And now she could hear the tenseness in her voice. She was getting beyond annoyed, getting angry.
It wasn't Muldhoon's fault, well, not entirely. The fact was she was getting stressed out anyway. She knew, both from the accounts of others and from her own in depth understanding of the science involved, that warp travel was not merely safe, but also smooth and comfortable (though transition to or from sub-light could get a bit bumpy). There was no way it could trigger her travel sickness.
And yet...there was a nagging doubt. It was silly, she knew, but that just made it worse. The idea that she would spend days at a time enduring intense dizziness and nausea scared her, even though all reason told her that it could not happen.
Professor Polly Partridge, holder of six doctorates, co author (with Trip Tucker) of a revolutionary paper in sub space flow dynamics, widely regarded as the most brilliant scientist in the world, had never been to warp. Not once.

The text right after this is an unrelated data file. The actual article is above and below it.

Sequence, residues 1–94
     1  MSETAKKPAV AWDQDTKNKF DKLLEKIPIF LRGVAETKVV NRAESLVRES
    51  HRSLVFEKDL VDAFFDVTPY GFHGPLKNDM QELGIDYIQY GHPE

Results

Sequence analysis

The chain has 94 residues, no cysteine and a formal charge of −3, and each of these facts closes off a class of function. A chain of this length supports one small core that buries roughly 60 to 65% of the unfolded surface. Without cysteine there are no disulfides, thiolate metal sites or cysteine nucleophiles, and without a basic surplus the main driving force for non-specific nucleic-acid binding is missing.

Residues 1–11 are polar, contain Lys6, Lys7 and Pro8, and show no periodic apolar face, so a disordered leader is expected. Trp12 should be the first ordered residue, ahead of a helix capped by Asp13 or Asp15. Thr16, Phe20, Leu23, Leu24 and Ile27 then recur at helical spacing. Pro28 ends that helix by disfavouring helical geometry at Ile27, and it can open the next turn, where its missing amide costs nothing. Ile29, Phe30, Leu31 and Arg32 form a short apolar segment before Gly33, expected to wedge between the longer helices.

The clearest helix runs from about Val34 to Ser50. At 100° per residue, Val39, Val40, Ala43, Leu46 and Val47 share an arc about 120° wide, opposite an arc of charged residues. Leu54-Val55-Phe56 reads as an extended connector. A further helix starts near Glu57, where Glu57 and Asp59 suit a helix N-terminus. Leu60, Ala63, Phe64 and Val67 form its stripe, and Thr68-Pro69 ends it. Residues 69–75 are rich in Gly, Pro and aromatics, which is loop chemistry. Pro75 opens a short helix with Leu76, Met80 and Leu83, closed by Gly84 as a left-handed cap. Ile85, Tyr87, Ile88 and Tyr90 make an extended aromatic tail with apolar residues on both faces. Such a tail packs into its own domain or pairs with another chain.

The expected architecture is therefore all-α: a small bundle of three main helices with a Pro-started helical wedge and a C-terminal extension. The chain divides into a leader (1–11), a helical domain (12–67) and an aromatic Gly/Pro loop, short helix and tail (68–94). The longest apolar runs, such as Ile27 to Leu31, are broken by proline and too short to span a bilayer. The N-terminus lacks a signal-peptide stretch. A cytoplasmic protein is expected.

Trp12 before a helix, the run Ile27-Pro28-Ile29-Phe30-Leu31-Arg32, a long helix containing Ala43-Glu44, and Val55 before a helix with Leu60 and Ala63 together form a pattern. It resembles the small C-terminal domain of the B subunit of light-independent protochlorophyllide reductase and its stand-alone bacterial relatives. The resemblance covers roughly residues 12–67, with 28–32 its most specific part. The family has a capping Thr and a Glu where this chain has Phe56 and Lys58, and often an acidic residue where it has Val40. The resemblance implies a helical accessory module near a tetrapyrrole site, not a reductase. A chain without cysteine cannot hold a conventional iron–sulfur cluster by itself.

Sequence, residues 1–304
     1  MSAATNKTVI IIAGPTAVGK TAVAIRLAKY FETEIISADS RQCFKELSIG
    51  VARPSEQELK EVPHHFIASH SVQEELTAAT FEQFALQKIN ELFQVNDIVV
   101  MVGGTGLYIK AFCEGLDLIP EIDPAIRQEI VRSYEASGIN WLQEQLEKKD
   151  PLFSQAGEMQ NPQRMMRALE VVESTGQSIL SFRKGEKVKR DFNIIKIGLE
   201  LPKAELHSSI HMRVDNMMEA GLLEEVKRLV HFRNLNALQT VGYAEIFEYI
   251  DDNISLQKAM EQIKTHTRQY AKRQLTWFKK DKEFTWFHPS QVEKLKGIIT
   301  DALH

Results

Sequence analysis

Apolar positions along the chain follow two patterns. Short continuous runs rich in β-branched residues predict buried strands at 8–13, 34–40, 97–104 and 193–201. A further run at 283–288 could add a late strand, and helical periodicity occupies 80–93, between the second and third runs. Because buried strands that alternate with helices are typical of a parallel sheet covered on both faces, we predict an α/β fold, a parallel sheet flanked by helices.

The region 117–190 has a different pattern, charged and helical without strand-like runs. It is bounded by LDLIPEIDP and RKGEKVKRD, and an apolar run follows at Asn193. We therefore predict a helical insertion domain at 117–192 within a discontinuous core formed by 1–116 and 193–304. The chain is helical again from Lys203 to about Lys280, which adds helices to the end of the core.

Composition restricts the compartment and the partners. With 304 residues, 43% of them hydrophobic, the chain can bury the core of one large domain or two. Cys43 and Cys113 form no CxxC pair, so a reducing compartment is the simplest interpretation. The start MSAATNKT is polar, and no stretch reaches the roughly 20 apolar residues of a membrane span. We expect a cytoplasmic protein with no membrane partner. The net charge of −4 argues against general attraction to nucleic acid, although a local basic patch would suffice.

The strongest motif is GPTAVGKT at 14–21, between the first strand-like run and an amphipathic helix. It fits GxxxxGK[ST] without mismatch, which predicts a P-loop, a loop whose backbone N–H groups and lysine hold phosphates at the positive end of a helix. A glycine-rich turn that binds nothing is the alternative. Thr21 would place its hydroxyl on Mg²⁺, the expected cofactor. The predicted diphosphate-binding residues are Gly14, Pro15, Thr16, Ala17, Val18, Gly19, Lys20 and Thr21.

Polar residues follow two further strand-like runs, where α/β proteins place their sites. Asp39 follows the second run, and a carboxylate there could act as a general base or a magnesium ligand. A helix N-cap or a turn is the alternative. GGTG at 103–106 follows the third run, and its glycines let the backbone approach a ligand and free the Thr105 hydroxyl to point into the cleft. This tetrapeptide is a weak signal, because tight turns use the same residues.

She'd only been in space three times before. Twice to visit Enterprise, once to the Plait Observatory at the L2 point.
Up until now she'd been managing to keep a lid on her concerns. She was just as excited and curious about the experience as she was worried. But now this irritating little man (she knew that was unfair, but she couldn't help it) was droning on and on about possible risks. It was getting to her.
She glanced round the room, seeking a way out. The President and Soval, deep in discussion, surrounded by the President's assistants and security. No help there. A few off duty crew members sat in groups, chatting excitedly. There was no mingling between the blue uniformed UESPA personnel and there black clad military colleagues.
Two of her fellow civilian scientists, Ericsson and Lampart, shared a table. Despite her desire to get away from Muldhoon Polly didn't want to intrude. Both had just come out of bad relationships, and were getting close. It'd be unfair to interrupt.